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Nursing Leaders Nationwide And The Bsn In 10 Bill

1938 words - 8 pages

Nursing leaders nationwide believe that it is important for nurses with an Associate Degree to return to school to earn their Bachelor of Science in Nursing (BSN) education within 10 years of graduation from an Associate Degree program to keep their licensure. The reason why this bill is passed is because of patient safety. Nurses with Bachelor of Science in Nursing (BSN) have lower mortality rates in surgery department, less incidences, and better outcomes in the acute care settings which are heavily emphasized in the Affordable Care Act necessary for payment reimbursement (American Association of Colleges of Nursing, 2014). This bill A01977/S02533A was introduced in January 27, 2012 in ...view middle of the document...

Only 30 percent of the RNs have a BSN degree. In order to assist with nurses with their tuition, the facility prepays 100 percent at both state schools and private schools (The American Nurse, 2014). In North Shore-LIJ Health System in Manhasset, New York, RNs are either have their BSN or enrolled in the BSN program within two years in order to earn their BSN degree in five years (Boyd, 2011).
BSN-in-10 bill will benefit patients and families. According to Robert Wood Johnson Foundation (2013), nurses with BSN degrees are clinically experienced in outpatient settings which would meet the demand for nurses in the communities. The Affordable Care Act provides incentives to health care providers to offer preventative, primary care, and care coordination services in order to improve outcomes and decrease the number of hospital stays. Nurses with four-year-degrees believed to be equipped to meet these demands. Nurses with BSN degrees are prepared in evidence-based practice areas, which utilized quality improvement data analysis in order to improve performance. BSN nurses have lower incidence in pressure ulcers, postoperative deep vein thrombosis, hospital-acquired infections, and post-surgical mortality (Robert Wood Johnson Foundation, 2013).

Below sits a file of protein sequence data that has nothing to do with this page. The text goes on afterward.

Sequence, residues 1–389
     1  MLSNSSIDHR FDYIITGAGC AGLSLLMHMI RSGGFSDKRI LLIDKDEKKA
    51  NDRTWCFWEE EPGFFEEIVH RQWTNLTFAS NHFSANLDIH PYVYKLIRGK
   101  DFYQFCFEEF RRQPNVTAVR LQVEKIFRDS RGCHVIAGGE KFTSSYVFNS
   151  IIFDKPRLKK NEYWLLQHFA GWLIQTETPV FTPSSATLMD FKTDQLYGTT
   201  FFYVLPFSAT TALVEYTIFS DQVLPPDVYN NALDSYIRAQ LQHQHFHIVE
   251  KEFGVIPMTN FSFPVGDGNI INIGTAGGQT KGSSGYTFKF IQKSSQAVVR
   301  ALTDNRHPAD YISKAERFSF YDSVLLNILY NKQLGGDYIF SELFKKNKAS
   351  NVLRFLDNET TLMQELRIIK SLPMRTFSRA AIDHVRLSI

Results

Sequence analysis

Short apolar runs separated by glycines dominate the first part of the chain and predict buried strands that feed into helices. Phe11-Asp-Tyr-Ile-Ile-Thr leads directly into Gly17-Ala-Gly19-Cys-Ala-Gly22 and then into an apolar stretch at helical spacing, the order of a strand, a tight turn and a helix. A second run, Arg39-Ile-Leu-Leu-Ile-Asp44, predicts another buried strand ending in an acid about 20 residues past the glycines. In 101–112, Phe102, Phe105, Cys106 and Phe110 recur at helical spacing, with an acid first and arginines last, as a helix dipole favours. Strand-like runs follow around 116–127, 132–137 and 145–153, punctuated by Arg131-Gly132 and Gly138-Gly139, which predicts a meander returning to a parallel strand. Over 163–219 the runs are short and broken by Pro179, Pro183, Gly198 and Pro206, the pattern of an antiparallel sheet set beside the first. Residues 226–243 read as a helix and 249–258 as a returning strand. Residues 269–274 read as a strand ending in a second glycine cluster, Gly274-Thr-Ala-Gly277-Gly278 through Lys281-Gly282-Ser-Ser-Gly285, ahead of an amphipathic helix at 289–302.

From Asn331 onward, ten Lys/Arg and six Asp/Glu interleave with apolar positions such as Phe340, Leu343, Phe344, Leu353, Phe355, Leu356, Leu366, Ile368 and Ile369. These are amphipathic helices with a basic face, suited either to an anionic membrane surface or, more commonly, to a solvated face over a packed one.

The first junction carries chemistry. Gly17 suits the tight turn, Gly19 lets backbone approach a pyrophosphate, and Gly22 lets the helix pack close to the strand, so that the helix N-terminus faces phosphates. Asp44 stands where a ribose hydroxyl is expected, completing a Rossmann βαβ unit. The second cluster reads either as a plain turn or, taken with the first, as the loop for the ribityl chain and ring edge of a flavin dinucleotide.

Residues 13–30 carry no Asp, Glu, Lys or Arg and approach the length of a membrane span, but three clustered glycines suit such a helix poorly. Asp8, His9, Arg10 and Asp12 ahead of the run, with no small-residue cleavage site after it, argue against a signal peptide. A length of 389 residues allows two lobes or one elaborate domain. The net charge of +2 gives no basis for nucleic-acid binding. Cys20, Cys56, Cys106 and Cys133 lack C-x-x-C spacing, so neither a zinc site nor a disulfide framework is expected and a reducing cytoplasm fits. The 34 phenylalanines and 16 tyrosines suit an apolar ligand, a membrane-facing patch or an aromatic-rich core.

Urban hospitals will also benefit from the BSN-in-10 bill. Urban hospitals are associated with the Magnet Recognition Program. The Magnet Recognition Program believes in patient outcomes with lower incidence in falls, pressure ulcers, mortality, and higher patient satisfaction. Employer organizations with higher percentage of BSN nurses report a safer and stable workforce, lower turnover costs, and lower mortality rates. In Pennsylvania, a survey was conducted from 1999 and 2006, found an average reduction of 2.12 deaths for every 1,000 patients. A ten percent increase in nurses with bachelor’s degree was associated with five percent of surgical patients dying within 30 days of admission (Aiken et al., 2013). BSN nurses are ready to fill in leadership and management roles (Robert Wood Johnson Foundation, 2013).
The advocates for BSN-in-10 bill include the American Nurses Association (ANA), American Organization of Nurse Executives (AONE), Institute of Medicine, American Nurses Credentialing Center’s (ANCC) Magnet Recognition Program, Linda Aiken and her colleagues at University of Pennsylvania, University of Toronto, members of the Tri-Council for Nursing, American Association of Colleges of Nursing, National League for Nursing, and Robert Wood Johnson Foundation. Since 1965, the American Nurses Association (ANA) supported nurses with bachelor’s degree. The American Organization of Nurse Executives (AONE) issued a statement that the appropriate prepared nurse at a BSN level. The American Nurses Credentialing Center’s (ANCC) Magnet Recognition Program require nurse manager, leaders, and staff RNs to obtain their BSN. A study conducted by Linda Aiken and her colleagues at University of...

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